Emma Jung and Marie-Louise von Franz have produced a very comprehensive analysis of the legend of the Holy Grail legend. Jung spent over 20 years collecting the background information. Von Franz spent 15 years pulling together the final manuscript which was published after Emma Jung's death.
The book explores the historic origin of the legend in both Welsh/Celtic and Christian legend. The legend appears to integrate 3 influences: the legends of the early Welsh/Celtic people who were driven into the hills by the Saxon invaders, the Christian legend of the grail and the stone covering the grave of Christ, and the major shift in Western consciousness regarding the role of women around the reign of Henry II and Eleanor of Acquitaine.
The story is about the heroic actions and adventures of the fool knight, Perceval, that are needed to heal the wounded Fisher King and revive his famine plagued kingdom. Much of the book explores all the images and multiple variations around this myth.
The legend would imply that in all men a wounded Self(Fisher King) limits and shuts off the powers and creativity of the archetypes and other unconscious forces. The healed Fisher King is a strong Self, the king of the unconscious, who can navigate and attract unconscious forces and influences. The beautiful woman, the Anima, acts as a messenger between the ego consciousness and the unconscious. The Grail is the site where the opposites are united, the personality becomes whole,the internal struggles against opposing forces within the self stops, and thus the healing of the King (Self) is at hand. Each of the psychological constructs: ego, consciousness, unconscious, archtype, shadow, anima, animus, Self, etc. are shown in the characters and various props/objects within the legend.
Students of the legends of King Arthur and the Round Table will find this to be a very scholarly study of the particular tale of Perceval and his search of the Holy Grail. The Round Table is connected to the two preceeding tables - the table where Christ held the Last Supper with his disciples and the table that becomes the Altar for the Holy Communion.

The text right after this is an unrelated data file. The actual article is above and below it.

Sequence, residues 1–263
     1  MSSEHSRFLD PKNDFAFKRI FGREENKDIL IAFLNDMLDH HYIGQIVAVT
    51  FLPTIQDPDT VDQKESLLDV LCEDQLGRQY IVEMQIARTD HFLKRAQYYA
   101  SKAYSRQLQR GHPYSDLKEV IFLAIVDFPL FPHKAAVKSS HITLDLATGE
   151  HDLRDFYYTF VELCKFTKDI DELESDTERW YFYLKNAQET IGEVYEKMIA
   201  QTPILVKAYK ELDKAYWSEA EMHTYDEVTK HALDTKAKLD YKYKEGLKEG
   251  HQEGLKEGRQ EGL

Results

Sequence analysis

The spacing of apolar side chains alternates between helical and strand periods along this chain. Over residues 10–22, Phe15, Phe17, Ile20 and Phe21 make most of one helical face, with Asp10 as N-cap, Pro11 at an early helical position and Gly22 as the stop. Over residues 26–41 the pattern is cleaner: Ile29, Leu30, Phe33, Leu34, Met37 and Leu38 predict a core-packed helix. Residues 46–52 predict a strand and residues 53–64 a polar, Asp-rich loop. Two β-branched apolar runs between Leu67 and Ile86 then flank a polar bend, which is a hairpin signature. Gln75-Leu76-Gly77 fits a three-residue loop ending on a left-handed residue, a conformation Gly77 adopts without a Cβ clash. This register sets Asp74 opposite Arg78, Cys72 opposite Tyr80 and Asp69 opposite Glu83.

Students of pre-Saxon Britian will find this work to identify multiple primitive Celtic and Welsh myths and legends.
Students of Jung will find this legend actually is able to encompass almost all the major constructs of Jungian theory into one comprehensive legend. Jung identifies the Self as the part of the personality through whom God speaks. This makes sense if we see the Self as the king of the unconscious, a land of symbol and archetype. If the Self is wounded, the land of archetype and symbol is barren and thus the voice of God is not heard. But when the Self is healed, God is able to speak through the language of image, myth, archetype, and symbol. The heroic knight is able to heal the wounded King by asking whom the Grail serves. The Grail is the site where opposing forces are united and integrated and thus tension and internal conflict is reduced or eliminated. Jung and von Franz also point out that the Grail, the stone over the grave of Christ, the philosopher's stone, and the legendary figure of Merlin all are capable of playing the role of the site where the opposites come together to bring about wholeness. When wholeness occurs, the Fisher King is healed. When the Fisher King (the Self) is healed, the land is no longer barren but bursts with growth of instincts, symbols, myths, images, archetypes, allowing God to come fully into the personality. This is called salvation in Christian culture and enlightenment in other cultures. Carl Jung offers an amazingly rich theoretically constructed human personality with such internal consistency that he was able to explain most all human ocnditions from mental illness to religious salvation using his constructs.
I recommend this book highly, supplement your reading with other books by Carl Jung as you read, but your quest for your own Holy Grail is worth the effort.